For me, scenes are great for the OS Throughline and Sequels are particularly useful when exploring the MC Throughline.

There are a whole host of tools out there. My advice, DO WHAT IT TAKES TO GET A GREAT STORY OUT.


Yeah, and this is both an advantage and potential limitation. I think Goal for Swain from the POV character’s perspective – but that might not be the actual scene goal from the author’s perspective.

So this hints at what seems most useful in Swains approach from a storytelling perspective – Swain says the function of the Sequel is to a) translate the Disaster into Goal b) telescope reality and c) control tempo. Especially as regards b and c, this gives a structural framework for putting in all of those things that can be hardest to handle – summary, exposition, flashback, character development, etc.

Maybe this is the answer. I always think of Drivers as happening at the Act level. But do they also happen at the scene level?

Okay I am totally going to try that.

Unless like me, you’re procrastinating by obsessing about the most efficient approach :slight_smile:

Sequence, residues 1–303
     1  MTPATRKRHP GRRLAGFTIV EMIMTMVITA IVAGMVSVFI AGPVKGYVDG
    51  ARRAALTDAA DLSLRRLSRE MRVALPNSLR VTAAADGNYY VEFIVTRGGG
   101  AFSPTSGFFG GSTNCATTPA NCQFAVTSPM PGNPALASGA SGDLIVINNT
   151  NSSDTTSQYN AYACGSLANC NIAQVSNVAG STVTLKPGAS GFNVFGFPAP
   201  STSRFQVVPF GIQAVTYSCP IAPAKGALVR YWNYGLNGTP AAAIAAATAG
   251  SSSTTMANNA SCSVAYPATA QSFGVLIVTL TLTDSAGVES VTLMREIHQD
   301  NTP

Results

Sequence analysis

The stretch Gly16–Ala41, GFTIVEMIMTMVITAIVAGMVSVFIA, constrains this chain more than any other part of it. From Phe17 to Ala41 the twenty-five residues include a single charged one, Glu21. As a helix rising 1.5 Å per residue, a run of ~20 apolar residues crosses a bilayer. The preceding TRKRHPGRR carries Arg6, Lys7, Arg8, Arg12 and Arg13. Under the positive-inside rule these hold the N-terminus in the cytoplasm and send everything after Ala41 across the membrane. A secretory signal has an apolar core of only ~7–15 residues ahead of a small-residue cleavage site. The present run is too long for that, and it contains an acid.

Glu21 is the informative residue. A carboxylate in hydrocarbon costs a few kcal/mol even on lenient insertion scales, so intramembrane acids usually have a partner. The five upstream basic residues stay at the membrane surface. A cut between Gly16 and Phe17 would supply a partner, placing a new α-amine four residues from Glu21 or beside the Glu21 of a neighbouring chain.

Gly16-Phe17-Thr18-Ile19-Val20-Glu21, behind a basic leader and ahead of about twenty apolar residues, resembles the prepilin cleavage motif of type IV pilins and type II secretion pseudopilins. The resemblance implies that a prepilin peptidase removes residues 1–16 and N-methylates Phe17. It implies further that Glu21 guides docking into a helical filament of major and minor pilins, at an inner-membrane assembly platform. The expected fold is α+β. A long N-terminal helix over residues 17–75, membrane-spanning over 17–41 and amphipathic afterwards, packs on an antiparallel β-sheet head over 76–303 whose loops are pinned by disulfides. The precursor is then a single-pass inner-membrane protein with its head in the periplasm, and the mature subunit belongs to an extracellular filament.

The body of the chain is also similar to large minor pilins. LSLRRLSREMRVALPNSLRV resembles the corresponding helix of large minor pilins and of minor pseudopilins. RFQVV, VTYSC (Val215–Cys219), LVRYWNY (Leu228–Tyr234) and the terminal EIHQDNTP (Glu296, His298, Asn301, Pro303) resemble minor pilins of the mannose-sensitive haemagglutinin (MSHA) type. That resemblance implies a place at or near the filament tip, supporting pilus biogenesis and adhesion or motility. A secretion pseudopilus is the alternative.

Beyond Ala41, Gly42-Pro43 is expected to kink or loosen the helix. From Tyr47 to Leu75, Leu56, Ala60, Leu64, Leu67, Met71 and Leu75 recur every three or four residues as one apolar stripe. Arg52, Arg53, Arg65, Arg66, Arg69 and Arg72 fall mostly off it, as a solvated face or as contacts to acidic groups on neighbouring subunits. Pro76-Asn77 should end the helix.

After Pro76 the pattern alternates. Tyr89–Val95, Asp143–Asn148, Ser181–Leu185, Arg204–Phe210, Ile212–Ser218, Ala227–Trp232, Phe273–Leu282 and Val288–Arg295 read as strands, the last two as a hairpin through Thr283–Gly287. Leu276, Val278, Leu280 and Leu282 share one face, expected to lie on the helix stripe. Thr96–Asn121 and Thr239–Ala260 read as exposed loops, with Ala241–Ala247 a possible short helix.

Oh wow, that’s an interesting insight! I may try that…


Glad someone gets the “nitty-gritty” of my analogy.

I’d like to have a strong view of scene before I dive in.

In reading things about elements-and-prco-tkad-srca-and-pass, and this incredibly detailed response

I can empathize with Chris Farley’s character in Almost Heroes when he’s trying to learn the alphabet.


I’ll try to pull my head around this.


Pretty sure you’ve answered this before @mlucas (sorry) but how do you choose which Element quad to use? Does it matter? Is it better to choose the quad that’s under the PSR Variation you’re using for that scene? Or do you choose the quad that’s under the static story point Issue? (But then you’re just cycling through Problem/Solution/Symptom/Response … is that right?)

In Jim’s example that @didomachiatto links to, Jim is using Knowledge, Order, Chaos, Thought for all of the scene modalities.

Of course it looks like for KTAD you could either think of it from the Element (KTAD) level or from the Class level …